In a continuation of our “Technology and X” series, we turn our focus to technology and art. In the rapid rise of the digital age, technology has helped create entirely new mediums for artists to produce works with. Digital art and photography, animation, special effects, music and more have all been made possible by new technology. To explore the vast array of topics associated with art and technology, I’m going to break up this blog post into a few sections to talk about each of these genres in further detail, and show how you can use your tech skills to create works of art!
Digital Art and Photography
Digital art and photography are lumped together in this section due to the overlap of tech tools many professionals use to produce or enhance their work. Out of all the tools, Adobe Photoshop is perhaps the most popular. Originally created as a powerful image editing platform, Photoshop has gone through several iterations and contains many tools digital artists utilize in order to create dreamy and surreal paintings. With more customizable settings than you could ever hope to use, Photoshop lets users control every aspect of the design process. Color correction, digital paint brushes, special effects, filters, typography tools, and more. This program has everything, and is a must have for many photographers. The rest of the Adobe Creative Suite is also quite powerful, with programs such as Fireworks, Illustrator and InDesign, which are other artistic programs meant for producing pieces of design.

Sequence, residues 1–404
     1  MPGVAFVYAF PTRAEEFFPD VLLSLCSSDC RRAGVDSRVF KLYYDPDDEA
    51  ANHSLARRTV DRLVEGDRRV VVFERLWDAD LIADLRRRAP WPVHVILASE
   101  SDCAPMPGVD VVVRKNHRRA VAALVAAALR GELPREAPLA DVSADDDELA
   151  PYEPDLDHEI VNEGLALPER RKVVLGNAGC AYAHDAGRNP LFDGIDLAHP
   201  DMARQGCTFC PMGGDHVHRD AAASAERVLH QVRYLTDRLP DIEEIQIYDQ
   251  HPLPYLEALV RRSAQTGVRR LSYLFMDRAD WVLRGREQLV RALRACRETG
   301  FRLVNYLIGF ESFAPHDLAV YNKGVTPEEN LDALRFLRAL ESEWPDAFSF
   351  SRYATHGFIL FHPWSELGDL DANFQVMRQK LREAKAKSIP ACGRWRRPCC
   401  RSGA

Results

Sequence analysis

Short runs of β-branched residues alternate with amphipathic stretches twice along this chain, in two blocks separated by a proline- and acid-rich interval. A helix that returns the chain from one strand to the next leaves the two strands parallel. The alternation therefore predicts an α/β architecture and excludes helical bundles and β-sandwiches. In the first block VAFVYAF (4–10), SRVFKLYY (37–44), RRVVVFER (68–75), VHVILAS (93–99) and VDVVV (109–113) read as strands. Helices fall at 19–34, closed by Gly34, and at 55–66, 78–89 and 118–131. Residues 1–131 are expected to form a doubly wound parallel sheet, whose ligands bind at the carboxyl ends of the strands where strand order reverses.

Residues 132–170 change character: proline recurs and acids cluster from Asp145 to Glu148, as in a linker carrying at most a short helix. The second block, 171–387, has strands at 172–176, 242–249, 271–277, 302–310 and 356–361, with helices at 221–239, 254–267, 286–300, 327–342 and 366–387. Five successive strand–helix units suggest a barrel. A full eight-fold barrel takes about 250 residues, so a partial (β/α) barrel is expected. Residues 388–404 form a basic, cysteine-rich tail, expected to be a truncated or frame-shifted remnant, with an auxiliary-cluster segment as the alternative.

If you want to get started with any of the Adobe products, you can try them out for a 30 day free trial period. If you’re a teacher or a student, you can get a discount on a monthly Creative Cloud subscription. Since Photoshop and other programs can have a bit of a learning curve, I definitely recommended walking through some video tutorials on the Adobe website or Youtube. Video tutorials are great because you get to see the workflow and creative process of other users. To try some walkthrough project tutorials, I highly recommend design.tutsplus.com or abduzeedo.com – they have some fantastic project based tutorials.
Animation and Special Effects
The animation and SFX industry are certainly booming right now. There are seldom movies nowadays produced without any form of technical enhancement. If you want to dive into animation, prepare for a creative yet technical adventure. In most major animation studios, there are hundreds of people working on different aspects of any single film, ranging from creating better graphics algorithms to just sketching designs. Depending on how technical you want to get, you might consider going to school or taking some classes on animation and graphics.
However, if you just want to practice at home, there are some great alternatives for some lightweight experimentation. Blender is a popular and free 3D software rendering program. This program is great for beginners, and is open source, so it’s being updated all the time. If you want to try something a little more powerful, I recommend Maya or 3DS Max, both provided by Autodesk. These programs are free to download for students, but can be otherwise be a bit expensive. Blender.org has some great Blender tutorials for beginners. For Maya and 3DS Max, I would again recommend video tutorials to orient yourself with the interface and starting some projects. As a side note, all of these 3D programs are great ways to make prototypes of any sort of 3D physical project you might be planning. And if you have a 3D printer, you can design objects to 3D print through most of these programs! Talk about powerful!